There are your bog standard record and DVD releases and there are special events that are accompanied by the release of CD’s and DVD’s (not forgetting Blue Ray format, digipak and coffee table book - all that’s missing is a limited edition Sporran) and which are trumpeted in this case by a cinema release of the film made of the final two end of an era shows by the Scottish group and Highland treasure, Runrig. I always think it’s tempting fate to announce retirement concerts; rather like the final days of a sale, they can come around again…and again (hello Status Quo!) as performers realise that reading the Sunday paper doesn’t have the same allure as standing on stage in front of adoring fans.
However, in this case, after 45 years together and 14 albums under their belt the original members have earned the right to stand down, although if the excellently edited (no less than 30 cameras were used to capture the special event) concert footage is anything to go by there is plenty of life left in the old dogs yet. The concerts, played out picturesquely in the shadow of Stirling Castle in front of a total of 52,000 hardcore fans and featuring a total of 31 career spanning songs were clearly emotional occasions. The music Runrig played (that sounds horribly final) was a kind of full on unique mixture of Gaelic Folk and stadium Rock. The Folk influence meant that the subject matter of their songs had an emotional depth and range that made them stand out from the average bunch of Rockers and their Rock influences provided the power to wow large audiences around the world.
While founding members Rory and Calum McDonald provide the heart of the band (not to mention the songs) the excellent guitar work of long time member Malcom Jones shines across these tracks (particularly during ‘On the Edge’ which is a beautiful instrumental that sounds like a subdued Jeff Beck covering the Theme From ‘Local Hero’), most of which have an anthemic, rousing quality which is displayed from opening track ‘The Years We Shared’ with its thumping drums, ringing guitar and synth lines, onwards. The following track ‘Protect & Survive’ epitomising their sound, Big Country style guitar lines and a big sing-a-long chorus that the audience joined in with gusto.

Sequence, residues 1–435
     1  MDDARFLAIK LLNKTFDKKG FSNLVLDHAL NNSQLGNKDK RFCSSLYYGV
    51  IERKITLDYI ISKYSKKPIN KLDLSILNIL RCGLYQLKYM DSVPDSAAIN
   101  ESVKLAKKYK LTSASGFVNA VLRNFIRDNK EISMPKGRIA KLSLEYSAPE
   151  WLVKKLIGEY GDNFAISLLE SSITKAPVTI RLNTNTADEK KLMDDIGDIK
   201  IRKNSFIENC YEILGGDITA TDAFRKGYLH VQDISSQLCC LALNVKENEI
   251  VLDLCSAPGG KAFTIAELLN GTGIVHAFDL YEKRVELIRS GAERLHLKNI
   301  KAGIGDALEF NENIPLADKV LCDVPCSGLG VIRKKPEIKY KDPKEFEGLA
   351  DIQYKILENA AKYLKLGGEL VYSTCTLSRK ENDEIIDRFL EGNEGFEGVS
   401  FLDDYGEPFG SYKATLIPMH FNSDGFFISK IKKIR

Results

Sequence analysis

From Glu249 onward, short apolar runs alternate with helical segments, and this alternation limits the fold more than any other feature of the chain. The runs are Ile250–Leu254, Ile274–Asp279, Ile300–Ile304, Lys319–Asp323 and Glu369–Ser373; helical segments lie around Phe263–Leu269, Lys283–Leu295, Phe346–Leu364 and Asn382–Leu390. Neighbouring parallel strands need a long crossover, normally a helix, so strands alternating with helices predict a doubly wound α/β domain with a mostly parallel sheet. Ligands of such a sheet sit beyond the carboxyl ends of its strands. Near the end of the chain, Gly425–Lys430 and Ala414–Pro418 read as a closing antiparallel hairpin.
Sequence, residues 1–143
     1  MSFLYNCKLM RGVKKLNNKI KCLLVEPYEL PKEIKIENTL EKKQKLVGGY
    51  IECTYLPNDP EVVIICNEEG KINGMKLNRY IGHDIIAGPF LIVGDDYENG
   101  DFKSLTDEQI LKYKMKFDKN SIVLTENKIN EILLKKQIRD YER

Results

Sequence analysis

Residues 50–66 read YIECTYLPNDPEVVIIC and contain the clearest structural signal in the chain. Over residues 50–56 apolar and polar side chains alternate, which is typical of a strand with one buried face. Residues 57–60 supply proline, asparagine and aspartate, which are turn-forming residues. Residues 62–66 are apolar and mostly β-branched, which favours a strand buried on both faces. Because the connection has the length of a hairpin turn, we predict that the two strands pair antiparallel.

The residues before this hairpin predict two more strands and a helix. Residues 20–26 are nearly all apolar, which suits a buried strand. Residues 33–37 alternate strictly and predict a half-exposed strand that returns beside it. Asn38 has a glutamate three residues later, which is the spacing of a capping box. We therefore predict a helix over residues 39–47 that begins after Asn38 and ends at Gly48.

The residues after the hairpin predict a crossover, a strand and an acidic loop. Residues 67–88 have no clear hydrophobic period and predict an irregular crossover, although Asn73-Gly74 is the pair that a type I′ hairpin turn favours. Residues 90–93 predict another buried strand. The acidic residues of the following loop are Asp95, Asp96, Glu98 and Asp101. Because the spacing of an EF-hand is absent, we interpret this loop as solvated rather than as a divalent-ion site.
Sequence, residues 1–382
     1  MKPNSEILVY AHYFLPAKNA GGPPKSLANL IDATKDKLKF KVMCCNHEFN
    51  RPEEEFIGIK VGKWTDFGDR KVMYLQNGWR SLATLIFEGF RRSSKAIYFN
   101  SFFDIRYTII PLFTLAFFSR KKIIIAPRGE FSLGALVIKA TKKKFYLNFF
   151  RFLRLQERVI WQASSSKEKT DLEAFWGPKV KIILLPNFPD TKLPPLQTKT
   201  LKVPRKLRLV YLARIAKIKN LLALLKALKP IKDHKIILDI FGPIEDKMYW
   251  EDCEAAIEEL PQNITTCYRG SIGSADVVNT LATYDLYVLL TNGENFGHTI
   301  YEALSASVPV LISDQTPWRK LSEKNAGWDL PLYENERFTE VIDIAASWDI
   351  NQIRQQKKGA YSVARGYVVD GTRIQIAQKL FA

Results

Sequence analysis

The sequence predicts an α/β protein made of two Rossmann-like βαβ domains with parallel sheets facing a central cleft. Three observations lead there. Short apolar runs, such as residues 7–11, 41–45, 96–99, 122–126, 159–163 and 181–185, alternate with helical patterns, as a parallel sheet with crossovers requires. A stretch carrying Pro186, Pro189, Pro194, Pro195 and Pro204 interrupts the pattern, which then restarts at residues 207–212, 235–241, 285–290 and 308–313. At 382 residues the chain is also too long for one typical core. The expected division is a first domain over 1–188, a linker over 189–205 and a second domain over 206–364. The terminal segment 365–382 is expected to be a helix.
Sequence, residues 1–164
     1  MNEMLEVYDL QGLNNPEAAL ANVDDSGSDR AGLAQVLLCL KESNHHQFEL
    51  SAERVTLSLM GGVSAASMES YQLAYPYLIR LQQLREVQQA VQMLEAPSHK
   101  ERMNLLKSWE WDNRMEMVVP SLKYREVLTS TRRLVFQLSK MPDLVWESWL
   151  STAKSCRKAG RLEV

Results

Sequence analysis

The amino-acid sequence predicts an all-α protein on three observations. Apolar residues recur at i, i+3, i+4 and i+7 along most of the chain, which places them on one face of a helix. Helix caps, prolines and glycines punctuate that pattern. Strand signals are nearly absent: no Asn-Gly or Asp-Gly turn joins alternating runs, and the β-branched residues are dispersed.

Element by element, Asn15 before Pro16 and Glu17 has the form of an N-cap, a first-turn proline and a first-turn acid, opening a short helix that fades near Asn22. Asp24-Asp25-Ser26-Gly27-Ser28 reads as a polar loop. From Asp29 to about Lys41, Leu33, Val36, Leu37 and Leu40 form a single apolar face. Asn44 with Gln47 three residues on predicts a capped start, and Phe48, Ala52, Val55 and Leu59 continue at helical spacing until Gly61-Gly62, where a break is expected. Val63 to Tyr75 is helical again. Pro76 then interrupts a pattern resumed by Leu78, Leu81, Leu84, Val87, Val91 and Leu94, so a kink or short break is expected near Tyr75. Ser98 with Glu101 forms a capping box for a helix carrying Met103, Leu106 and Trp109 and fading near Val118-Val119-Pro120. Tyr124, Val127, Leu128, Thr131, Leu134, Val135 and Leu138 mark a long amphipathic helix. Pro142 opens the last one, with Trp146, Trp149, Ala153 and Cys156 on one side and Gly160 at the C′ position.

Sitting on the top of the music are the powerful, excellent vocals of Bruce Guthro, the Nova Scotian singer (whose transatlantic twang is a little disconcerting at first) who joined the band in 1999 following the departure of original vocalist Donnie Munro, who makes an emotional re-appearance on these two nights accompanied by the Glasgow Islay Choir on a lovely rendition of ‘Cearcal A’ Chuain’. Various guest musicians appear throughout these tracks, the addition of sax on ‘Onar’ giving the band an oddly Gaelic E Street band vibe. The duet with Julie Fowlis on ‘Somewhere’ is another highlight. There isn’t a duff track across the entire 3 CD collection (or two CD’s if you are a lightweight fan!) and by the time the collection finishes with fans’ favourite finisher ‘Loch Lomond’ followed by a rousing version of ‘Hearts of Olden Glory’ you’ll wish you had been there, unsuccessfully holding back the tears. A classic live album and film that for many will be an essential purchase.